Mark

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I sent an email to Capilano Honey asking if they use glucose in their honey but they haven't got back to me... I kind of don't expect a response but would that mean they are guilty of adding "stuff" to their "pure honey" or just incompetent at customer service and answering emails? :dunno:
 

Steve

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I sent an email to Capilano Honey asking if they use glucose in their honey but they haven't got back to me... I kind of don't expect a response but would that mean they are guilty of adding "stuff" to their "pure honey" or just incompetent at customer service and answering emails? :dunno:
Incompetence is my first thought....
 

Mark

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That's pretty funny... but.. the "communication officer" is probably on four weeks holidays.
Hmmm.... Yes, I didn't think of that. Well he can redeem himself if he answers me when he gets back then :)
 
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Letsgokate

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I think when it comes to labelling they only have to declare an item is in the product if it's over a certain percent. I might be wrong. I too would like to know about sugar in honey. Maybe we all need to find a nice place to buy it direct from someone who has bees :)
 
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Mark

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Yes well the reason it became a heated argument disagreement on Boxing Day was because my mother, heard from her sister, that her husband (my uncle), buys honey in bulk direct from a honey supplier who claims glucose is routinely added to honey - or something like that (I had a few beers at that point)...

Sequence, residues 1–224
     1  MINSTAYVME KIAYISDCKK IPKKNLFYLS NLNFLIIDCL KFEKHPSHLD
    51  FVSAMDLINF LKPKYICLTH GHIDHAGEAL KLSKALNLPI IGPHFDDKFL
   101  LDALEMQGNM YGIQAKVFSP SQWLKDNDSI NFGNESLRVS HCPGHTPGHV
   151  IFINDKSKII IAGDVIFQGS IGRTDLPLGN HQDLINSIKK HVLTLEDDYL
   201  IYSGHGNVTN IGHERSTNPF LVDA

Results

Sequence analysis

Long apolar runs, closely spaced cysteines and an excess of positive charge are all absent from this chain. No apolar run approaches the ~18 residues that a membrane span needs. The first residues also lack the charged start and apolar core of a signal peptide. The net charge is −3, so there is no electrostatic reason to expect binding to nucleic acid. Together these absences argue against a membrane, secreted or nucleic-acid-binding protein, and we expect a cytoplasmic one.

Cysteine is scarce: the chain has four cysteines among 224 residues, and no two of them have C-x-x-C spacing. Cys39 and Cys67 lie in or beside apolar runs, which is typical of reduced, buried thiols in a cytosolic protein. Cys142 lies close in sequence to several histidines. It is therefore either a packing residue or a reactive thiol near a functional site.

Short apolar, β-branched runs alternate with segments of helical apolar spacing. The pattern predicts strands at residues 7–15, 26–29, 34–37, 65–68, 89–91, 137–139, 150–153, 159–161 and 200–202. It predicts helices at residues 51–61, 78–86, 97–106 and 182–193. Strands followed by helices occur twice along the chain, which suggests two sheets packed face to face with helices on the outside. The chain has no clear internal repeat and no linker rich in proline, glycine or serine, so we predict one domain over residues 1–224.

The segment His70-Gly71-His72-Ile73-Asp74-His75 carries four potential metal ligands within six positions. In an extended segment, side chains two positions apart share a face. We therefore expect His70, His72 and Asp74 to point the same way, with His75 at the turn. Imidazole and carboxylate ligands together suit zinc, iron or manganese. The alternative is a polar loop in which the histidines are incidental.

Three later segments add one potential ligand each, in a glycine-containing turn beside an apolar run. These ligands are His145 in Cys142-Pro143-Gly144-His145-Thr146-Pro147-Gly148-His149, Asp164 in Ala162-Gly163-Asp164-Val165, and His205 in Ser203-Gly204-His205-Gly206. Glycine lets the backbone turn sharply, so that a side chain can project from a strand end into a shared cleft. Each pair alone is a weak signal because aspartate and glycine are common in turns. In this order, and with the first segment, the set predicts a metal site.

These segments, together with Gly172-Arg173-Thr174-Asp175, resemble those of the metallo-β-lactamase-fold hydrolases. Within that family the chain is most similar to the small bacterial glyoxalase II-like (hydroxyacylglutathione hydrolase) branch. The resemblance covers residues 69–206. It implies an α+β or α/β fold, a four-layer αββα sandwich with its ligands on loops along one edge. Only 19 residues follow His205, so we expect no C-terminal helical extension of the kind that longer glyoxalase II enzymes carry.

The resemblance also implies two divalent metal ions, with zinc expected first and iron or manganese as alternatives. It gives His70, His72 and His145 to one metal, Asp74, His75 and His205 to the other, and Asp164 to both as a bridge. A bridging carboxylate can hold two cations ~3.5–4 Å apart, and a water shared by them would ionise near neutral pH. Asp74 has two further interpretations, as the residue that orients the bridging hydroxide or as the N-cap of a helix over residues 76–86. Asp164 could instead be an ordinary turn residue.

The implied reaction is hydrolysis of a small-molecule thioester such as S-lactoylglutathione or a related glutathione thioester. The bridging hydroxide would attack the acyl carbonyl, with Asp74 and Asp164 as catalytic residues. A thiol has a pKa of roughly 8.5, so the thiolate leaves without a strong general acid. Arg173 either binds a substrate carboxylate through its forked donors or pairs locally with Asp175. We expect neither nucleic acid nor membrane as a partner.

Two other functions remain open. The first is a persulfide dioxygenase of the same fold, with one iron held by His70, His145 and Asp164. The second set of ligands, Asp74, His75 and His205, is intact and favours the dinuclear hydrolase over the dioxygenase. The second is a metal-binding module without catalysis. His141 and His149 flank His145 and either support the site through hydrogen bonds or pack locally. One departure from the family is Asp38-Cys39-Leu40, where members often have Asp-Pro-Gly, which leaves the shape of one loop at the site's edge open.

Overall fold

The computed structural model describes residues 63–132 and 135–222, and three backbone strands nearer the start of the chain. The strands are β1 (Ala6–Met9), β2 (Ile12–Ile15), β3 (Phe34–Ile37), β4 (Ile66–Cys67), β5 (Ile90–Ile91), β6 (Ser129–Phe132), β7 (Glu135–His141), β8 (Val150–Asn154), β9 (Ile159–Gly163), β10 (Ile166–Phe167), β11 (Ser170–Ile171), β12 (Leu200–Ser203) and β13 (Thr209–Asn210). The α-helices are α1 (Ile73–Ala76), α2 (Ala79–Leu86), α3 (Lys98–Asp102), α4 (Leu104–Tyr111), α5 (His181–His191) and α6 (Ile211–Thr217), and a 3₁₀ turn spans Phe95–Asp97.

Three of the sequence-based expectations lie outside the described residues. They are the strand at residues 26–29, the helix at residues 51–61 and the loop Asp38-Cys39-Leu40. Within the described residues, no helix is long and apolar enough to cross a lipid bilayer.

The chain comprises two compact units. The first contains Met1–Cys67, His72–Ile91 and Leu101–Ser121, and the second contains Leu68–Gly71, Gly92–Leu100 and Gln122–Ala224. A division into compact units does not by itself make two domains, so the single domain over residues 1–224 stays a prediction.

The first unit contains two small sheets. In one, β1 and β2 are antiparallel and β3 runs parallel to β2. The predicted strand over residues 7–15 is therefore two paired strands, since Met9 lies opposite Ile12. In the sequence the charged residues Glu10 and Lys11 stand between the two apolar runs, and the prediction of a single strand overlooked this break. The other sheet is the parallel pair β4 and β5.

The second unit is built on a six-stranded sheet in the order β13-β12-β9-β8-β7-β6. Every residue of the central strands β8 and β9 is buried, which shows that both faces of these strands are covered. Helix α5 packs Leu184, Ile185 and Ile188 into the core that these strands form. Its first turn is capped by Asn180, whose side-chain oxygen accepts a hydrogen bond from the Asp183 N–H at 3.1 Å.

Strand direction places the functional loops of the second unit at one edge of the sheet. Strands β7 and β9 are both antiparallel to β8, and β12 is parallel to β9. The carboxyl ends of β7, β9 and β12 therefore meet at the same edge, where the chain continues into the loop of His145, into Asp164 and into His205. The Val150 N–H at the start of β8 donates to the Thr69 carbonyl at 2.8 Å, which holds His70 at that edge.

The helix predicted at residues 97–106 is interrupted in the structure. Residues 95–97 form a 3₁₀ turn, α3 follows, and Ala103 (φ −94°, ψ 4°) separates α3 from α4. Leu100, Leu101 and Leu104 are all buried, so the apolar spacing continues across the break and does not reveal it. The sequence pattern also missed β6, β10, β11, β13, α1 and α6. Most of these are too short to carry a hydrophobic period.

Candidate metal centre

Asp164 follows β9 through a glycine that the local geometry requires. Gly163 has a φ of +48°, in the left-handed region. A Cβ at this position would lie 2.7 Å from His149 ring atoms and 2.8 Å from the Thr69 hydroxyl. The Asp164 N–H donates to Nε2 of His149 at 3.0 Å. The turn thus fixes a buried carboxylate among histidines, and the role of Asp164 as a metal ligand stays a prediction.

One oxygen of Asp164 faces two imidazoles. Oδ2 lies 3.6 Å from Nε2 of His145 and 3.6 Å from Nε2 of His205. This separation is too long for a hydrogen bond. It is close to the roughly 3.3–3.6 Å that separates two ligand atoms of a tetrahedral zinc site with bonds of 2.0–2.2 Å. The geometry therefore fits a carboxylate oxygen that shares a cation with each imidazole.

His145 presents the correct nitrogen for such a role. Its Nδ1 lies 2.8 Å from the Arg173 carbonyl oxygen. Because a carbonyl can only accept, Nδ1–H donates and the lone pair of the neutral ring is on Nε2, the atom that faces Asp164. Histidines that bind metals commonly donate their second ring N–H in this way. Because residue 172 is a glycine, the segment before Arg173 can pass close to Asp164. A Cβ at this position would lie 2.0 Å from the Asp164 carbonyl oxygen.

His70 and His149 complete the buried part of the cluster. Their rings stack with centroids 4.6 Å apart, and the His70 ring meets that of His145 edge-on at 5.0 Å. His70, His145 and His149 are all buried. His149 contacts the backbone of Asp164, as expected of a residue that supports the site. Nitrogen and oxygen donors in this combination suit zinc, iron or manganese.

So, if it is said in the industry there could be some truth to the story. However, honey usually takes some time to crystallise and I'm thinking the product probably moves off the shelves fast enough anyway. We've never kept honey that long from a beekeeper to see it go to crystals, although, we have accepted old crystalised honey before from friends - it's still fine to eat.

I'm still leaning towards most supermarket honey in Australia today being completely natural with no additives.
 

Steve

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My dads uncle used to be a bee-keeper and we were always getting honey by the 10L drum.
The rate at which it would candy really depended on the season, ie the temperature, and where it was stored.
The honey we kept in the cooler spots (the tin shed in winter) seemed to candy a lot sooner than the stuff we kept in the warmer house. Probably temperatures fluctuations had a bit to do with how quick it would candy.
I think you're right Mark, the store products would sell much quicker then it takes to candy.

Doing a bit of reading online tonight it seemed that 'adulterated' honey (ie with added sugar of some type) is normally watered down as well which means it goes further but also needs the additional sugar content to bring the sweetness back up. Personally I doubt any of the big name brands would risk such a process as the consequences could be quite drastic in such an niche industry. I mean, companies that sell honey probably don't have many, if any, other product lines to fall back on if they lost their customer base for their honey. I think it would be too risky.

Just my thoughts.
Cheers
 
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Mark

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Here's the reply from a Capilano rep - I agree with you Steve and believe the rep:

Hi Mark,

Thank you for your email,

Capilano Honey has nothing added to it, Capilano honey is 100% pure Australian Honey only.

Candying or crystallisation of honey is a natural process relating to the characteristics of individual honeys. Our premium blends are made up of first grade honey varieties, with some of these varieties containing fast candying properties. As honey is a natural product it will sometimes crystallise more quickly than we would like.

The process of candying can be reversed by simply placing the pack in hot water until the crystals liquefy. This will return the honey to liquid form and does not affect the quality of the honey. More information regarding honey and how to heat candied honey can be found on our website at www.capilano.com.au .

Enjoy